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Thursday, Oct. 30, 2008

Double standard on global crises


Oct. 16 marked the 25th Annual World Food Day, an occasion whose arrival and departure received little media attention or governmental fanfare. Evidently, much of the world media and governments are consumed with an economic crisis of epic proportions.

There is hardly any disagreement that Wall Street's woes are man-made. Regardless of what terminology one wishes to apply — miscalculations, greed or wholesale failure in the U.S. capitalist system — the fact is that the U.S. economic crisis is not a fleeting phenomenon and no quick fixes are to provide a magic remedy.

In an interview with Fox Business Network, U.S. Treasury Secretary Henry Paulson expressed regrets, unusual for any top U.S. official, for the economic "mistakes" that are promising a global recession for years to come. "We're not proud of all the mistakes that were made by many different people, different parties, failures of our regulatory system, failures of market discipline that got us here." However, he promised that the U.S. "will mitigate the impact on the real economy and we'll get this financial system working again."

Like China's capitalism operating under communist symbols, the U.S., Britain and others are becoming increasingly socialist under capitalist symbols. Of course, it's not socialism for the downtrodden, but corporate welfare in its most stark manifestations.

It's rather ironic that those who cried foul every time a Third World government dared intervene in their national economy — even if to guarantee the welfare of the poorest segments of society — said nothing as the U.S., Britain and others defied every role in the free market economy, long championed by neoliberal economists.

Even leading U.S. Republicans who chastised big government at every turn — especially to block welfare programs that mostly benefit the poor — cheered the government on as it moved to bail out the rich who, as usual, are likely to remain unaccountable for risking the retirement funds and life savings of millions of Americans.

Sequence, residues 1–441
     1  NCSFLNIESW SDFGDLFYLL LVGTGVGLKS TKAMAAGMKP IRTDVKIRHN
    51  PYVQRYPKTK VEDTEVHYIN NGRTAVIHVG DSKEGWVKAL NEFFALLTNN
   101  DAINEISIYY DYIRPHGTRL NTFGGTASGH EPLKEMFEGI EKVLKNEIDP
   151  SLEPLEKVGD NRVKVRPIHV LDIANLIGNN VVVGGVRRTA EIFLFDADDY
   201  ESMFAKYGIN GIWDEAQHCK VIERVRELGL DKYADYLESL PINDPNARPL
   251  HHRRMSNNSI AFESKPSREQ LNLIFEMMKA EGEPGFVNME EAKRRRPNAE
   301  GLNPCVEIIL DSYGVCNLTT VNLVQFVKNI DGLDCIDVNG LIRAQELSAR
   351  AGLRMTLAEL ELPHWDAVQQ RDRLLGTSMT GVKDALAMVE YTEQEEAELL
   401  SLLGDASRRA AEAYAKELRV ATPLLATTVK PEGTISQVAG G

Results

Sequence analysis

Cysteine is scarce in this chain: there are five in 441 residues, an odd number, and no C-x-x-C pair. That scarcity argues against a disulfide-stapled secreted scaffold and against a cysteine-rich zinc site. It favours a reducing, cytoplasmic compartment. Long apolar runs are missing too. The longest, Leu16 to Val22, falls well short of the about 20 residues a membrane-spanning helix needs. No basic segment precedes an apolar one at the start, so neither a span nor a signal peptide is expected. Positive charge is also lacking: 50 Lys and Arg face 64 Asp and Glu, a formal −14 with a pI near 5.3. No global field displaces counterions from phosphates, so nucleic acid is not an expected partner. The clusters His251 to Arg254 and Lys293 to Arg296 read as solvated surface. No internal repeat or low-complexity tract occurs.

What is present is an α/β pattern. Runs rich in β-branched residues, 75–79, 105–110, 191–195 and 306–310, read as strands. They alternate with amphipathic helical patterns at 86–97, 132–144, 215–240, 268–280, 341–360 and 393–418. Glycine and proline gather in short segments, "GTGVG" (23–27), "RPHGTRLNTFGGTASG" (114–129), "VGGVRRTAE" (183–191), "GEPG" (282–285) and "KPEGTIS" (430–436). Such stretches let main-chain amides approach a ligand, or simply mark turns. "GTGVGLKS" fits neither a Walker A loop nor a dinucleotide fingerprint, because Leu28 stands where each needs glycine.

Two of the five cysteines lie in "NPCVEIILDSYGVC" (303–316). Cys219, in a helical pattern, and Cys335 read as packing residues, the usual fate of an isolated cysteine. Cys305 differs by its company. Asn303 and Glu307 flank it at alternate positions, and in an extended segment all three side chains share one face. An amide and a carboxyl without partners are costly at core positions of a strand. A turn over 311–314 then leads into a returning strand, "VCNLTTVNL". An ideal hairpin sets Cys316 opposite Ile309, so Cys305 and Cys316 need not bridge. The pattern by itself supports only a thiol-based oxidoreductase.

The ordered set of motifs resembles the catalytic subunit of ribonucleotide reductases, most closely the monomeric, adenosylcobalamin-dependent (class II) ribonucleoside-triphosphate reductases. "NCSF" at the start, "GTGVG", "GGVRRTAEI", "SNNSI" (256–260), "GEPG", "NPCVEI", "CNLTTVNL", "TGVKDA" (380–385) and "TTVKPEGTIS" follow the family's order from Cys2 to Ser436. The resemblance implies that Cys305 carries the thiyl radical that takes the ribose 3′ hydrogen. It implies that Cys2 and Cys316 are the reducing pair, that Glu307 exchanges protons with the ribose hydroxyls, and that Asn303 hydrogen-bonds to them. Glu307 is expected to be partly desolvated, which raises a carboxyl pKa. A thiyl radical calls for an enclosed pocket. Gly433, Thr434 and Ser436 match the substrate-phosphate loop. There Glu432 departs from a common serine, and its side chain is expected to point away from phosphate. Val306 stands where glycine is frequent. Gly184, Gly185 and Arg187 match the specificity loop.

A dominant argument to justify governments' behavior is, yet again, the trickle down effect: a term coined by a Ronald Reagan speechwriter, which simply means that what is good for the rich is, eventually, good for the poor. While elites in every society eagerly infuse such "Reaganomics" at every turn, the world's poor have yet to feel the trickles, which poses an interesting question: Why the unprecedented and historic urgency to bail out the rich (for the sake of the poor, at an imaginary point in the future) when the poor can easily be saved without such roundabout plans?

The fact is that neither America's poor nor Africa's poor are on the minds of European leaders or the Bush administration as their high officials continue to hold anxious meetings and offer generous rescue packages. If indeed it's the plight of humanity that is worrying these governments, then maybe they should consider the following, according to Oxfam, U.K.: "The number of hungry people now stands at 967 million. And around 24,000 people die daily of hunger-related causes. Around 2.7 billion people live on less than $1 a day; up to 80 percent of this income goes to food." Care International's calculations are equally bleak that 220 million people of the number above are on the brink of starvation.

According to Oxfam, the main reasons for world poverty are also man-made: "biofuel policies, high fuel prices, growing global demand, unfair world trade rules, and climate change." Long before the Wall Street financial crisis, there existed a much more dangerous crisis, the world food crisis, dubbed a "Perfect Storm." The latter is much more consequential for it affected the very lives, not simply the standard of living, of many millions around the world.

Barbara Stocking wrote in the New Statesman, "According to the latest figures, the food crisis has resulted in an extra 119 million malnourished people, bringing the total to almost 1 billion — nearly one in seven people now goes hungry. This is hunger on so vast a scale that it is difficult to understand how the world arrived at this point."

It's very telling that trillions have already been spent to patch up world leading financial institutions, while out of the comparatively small sum of $12.3 billion pledged in Rome, earlier this year, to offset the food crisis, only $1 billion has been delivered. The hope that at least extreme poverty can be eradicated by the end of 2015 — as stipulated in the U.N.'s Millennium Development Goals — seem as unrealistic as ever, not due to lack of resources, but due to lack of true concern for the world's poor.

Whether the American-, European-, or any other government-infused bailout packages rectify the financial crisis or not, chances are Oct. 16, 2009, will carry out similarly devastating news about the plight of the world's poor, which is likely to remain in the mere "news" category that requires little action, if any at all.

Ramzy Baroud's latest book is "The Second Palestinian Intifada: A Chronicle of a People's Struggle" (Pluto Press, London).


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